The other day, my dog did something she has never done before—she ran out the front door and onto the lawn. I was shocked and shouted, “Get back in the house.” Instead, she ran halfway down the drive and then headed toward the back yard.
She reminded me of a child at the shore of a lake or the ocean, testing the waters with tentative steps, and then seeing a wave rolling in, running back to the safety of the shore.
Seeking safety and a solid foundation is something most of us know instinctively. We tend to crave security.
But Jesus calls us to put out into the deep… (Luke 5:4), which is the opposite of seeking safety.
Taking risks and trusting that Jesus will be there to catch me when I fall can be a challenge—whether the risk is large or small.
During this Easter season, I have been pondering how my life compares to the early Christians. Am I on fire with the excitement of the resurrection? Am I bringing things to life (as Peter brought people back to life)? Am I spreading healing, hope and forgiveness? Am I witnessing to the restorative power of love?
I am trying to be open to how God is calling me to spread Easter joy.
One recurring thought is about unity and the way I relate to Christians of other denominations. Am I curious about how others practice their faith? Am I respectful of the ways that other Christians live out their faith and mindful that we are all seeking the same God?
I have been trying to be more conscious of my reactions to how others express their faith.
Then, while driving to a nearby park for a walk last week, I heard a piece on the radio about the beginning of Ramadan. The interviewer asked what the appropriate greeting is for someone observing Ramadan. What is the Muslim version of Merry Christmas? Among the list of greetings was Happy Ramadan.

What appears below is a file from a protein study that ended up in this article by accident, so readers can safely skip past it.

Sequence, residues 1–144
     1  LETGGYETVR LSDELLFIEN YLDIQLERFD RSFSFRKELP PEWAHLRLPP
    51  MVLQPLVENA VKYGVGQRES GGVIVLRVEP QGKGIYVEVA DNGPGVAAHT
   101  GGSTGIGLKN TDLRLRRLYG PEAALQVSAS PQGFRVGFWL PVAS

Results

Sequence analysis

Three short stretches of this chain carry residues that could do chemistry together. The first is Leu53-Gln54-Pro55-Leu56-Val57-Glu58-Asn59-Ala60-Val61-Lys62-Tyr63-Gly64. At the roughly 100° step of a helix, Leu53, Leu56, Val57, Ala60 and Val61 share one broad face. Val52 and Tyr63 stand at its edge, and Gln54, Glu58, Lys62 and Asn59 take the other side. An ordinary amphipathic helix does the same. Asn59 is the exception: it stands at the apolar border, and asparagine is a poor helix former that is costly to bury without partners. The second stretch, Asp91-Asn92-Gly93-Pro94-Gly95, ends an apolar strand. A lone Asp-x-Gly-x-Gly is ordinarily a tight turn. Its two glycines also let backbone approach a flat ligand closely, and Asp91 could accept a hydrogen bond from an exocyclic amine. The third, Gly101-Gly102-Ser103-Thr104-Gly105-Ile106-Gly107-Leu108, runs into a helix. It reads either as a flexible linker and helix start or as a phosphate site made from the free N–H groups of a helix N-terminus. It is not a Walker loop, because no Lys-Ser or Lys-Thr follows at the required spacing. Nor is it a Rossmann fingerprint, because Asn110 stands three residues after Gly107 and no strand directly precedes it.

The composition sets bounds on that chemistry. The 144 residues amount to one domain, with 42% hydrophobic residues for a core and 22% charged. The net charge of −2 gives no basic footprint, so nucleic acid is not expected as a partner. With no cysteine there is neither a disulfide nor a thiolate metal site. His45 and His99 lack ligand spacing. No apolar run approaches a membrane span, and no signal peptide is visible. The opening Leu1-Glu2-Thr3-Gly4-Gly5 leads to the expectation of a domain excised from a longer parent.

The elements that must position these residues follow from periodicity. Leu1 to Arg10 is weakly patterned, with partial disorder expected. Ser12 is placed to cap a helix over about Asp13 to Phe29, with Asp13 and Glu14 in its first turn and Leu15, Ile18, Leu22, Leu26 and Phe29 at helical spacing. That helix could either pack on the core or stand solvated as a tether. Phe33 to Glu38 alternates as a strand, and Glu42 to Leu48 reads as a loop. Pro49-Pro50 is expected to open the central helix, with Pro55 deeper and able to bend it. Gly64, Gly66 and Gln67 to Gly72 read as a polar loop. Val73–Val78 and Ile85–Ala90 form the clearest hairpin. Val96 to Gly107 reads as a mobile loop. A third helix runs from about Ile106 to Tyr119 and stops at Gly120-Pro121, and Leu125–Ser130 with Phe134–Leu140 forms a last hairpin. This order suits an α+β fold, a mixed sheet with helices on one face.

Just minutes after I arrived at the park, I noticed a woman wearing a hijab, a head scarf worn by Muslim women.
Maybe God is calling me to be mindful not just of Christians seeking God, but also to a deeper awareness of people of other faiths.
As we walked laps around the park, I wondered if I could muster the courage to wish this woman a Happy Ramadan.
I had said hello, but acknowledging her faith seemed to be crossing a line. I was afraid—would I say the wrong thing? Could acknowledging her faith somehow be offensive?
I watched her walk out of the park.
But then, feeling like Phillip running to the Ethiopian in the carriage (Acts 8:29-30), I ran up to the woman and asked if it was ok to wish her Happy Ramadan. She smiled broadly. “Yes, yes,” she said. “Thank you so much!”
She seemed happy, and I was grateful that I was able to step out of my comfort zone.